Local Duck River Reservoir project update: pipeline nearing completion, bidding on pump station to begin soon, dam lawsuit awaiting court date | The Cullman Tribune

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Duck River Reservoir project update: pipeline nearing completion, bidding on pump station to begin soon, dam lawsuit awaiting court date

Members of the Duck River Reservoir Oversight Board hear about the pipeline project from Dale Bright of St. John & Associates Monday morning. (W.C. Mann for The Cullman Tribune)

CULLMAN - On Monday morning, the Duck River Reservoir Oversight Board held its quarterly meeting, hearing presentations about the pipeline project, upcoming pump station project, water plant improvements and water quality in the system. The board, which serves in an advisory capacity, brings together representatives from all water systems served by the Duck River Reservoir (representing approximately 100,000 customers), Cullman County Commission and Cullman County Soil and Water Conservation District, the Utilities Board of the City of Cullman and City of Cullman Water Department, Cullman Economic Development Agency and engineering firms.

Pipeline project

Dale Bright, of St. John & Associates, the engineering firm overseeing the pipeline project, reported that the pipeline is nearly complete except for two short sections: at Brindley Creek and at the water plant. Construction is underway at Brindley Creek now and is expected to be finished next week. The last 900 feet of pipeline at the water plant should be finished in November, and the line should be ready to begin testing by the end of the year.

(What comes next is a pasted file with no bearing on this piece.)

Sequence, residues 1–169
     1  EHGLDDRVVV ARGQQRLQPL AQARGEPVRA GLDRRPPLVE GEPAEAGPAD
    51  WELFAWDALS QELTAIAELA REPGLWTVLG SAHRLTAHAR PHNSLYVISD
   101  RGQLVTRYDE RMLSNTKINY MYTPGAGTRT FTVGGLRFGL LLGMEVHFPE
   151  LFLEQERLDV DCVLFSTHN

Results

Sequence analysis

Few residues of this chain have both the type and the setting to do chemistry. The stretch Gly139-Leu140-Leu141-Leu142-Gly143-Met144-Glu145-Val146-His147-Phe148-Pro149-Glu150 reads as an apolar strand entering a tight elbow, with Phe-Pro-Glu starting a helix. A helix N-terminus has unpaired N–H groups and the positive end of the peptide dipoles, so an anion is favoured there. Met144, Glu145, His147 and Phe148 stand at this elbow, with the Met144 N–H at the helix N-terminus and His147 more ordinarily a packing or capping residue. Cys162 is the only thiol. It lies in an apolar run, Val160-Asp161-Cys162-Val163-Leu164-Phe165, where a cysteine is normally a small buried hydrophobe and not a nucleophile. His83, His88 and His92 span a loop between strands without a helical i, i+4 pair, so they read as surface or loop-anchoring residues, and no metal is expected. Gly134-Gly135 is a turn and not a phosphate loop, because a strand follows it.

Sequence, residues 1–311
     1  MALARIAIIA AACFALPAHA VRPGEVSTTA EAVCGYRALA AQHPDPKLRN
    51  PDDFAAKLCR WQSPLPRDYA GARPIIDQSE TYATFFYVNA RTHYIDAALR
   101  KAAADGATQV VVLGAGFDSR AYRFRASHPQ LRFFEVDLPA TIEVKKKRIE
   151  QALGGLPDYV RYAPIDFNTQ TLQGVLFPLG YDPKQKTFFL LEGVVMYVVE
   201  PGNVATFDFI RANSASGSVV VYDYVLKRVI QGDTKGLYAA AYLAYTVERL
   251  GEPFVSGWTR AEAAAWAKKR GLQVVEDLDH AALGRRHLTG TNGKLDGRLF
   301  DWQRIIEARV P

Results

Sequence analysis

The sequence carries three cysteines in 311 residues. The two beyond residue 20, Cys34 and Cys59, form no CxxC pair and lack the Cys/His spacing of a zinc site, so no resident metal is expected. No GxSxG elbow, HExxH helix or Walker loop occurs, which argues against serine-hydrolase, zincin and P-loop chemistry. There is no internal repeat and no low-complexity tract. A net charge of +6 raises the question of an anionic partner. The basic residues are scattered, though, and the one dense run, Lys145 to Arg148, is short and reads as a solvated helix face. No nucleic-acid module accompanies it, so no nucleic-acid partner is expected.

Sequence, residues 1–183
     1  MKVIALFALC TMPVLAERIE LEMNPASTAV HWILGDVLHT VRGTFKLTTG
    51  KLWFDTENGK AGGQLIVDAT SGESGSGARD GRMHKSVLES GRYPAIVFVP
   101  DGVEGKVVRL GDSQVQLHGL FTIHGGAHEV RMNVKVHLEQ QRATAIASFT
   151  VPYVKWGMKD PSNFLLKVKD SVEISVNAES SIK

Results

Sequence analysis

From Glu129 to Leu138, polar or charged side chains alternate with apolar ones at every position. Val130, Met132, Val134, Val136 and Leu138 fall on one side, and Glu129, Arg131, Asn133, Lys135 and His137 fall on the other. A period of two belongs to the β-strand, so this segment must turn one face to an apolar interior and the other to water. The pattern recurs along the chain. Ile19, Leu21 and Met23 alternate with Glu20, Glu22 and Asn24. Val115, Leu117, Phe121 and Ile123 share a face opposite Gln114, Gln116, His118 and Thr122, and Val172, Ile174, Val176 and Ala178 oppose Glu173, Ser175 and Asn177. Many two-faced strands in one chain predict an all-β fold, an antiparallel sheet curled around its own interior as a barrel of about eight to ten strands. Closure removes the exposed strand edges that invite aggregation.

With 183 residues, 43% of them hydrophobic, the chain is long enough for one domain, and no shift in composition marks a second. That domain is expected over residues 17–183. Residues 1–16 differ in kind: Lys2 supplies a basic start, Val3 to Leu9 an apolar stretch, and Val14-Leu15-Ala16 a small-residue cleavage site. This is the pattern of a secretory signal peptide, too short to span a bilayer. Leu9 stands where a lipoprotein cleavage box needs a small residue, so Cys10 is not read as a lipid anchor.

Bright also reported that the pipeline project is currently under budget.

Status of the lake

Duck River Reservoir Manager Tim Scott told the group that the lake is 7.5 feet below full pool right now.  He reported that Lake Catoma is at the same level presently, so the lower level is not a cause for concern, but simply represents the current status of the area’s water level in general.  He also said that water quality data was submitted to the Alabama Department of Environmental Management (ADEM) in July, and that the lake’s status will be changed before water begins flowing to the plant, from its current “Fish and Wildlife” classification to “Public Water Source.”

Scott also reported on fishing in the lake, noting an unconfirmed report of a 9-pound bass caught and released.  All bass caught in the lake must be released under current rules. Other fish, including crappie, bream and catfish may be removed, but limits apply to crappie and bream.

Pump station

Scott told the group that bids will be advertised for construction of the pumping station at the reservoir starting Nov. 5, and that submitted bids will be opened on Dec. 4.  The notice of award will go out Dec. 18, and construction will begin after that.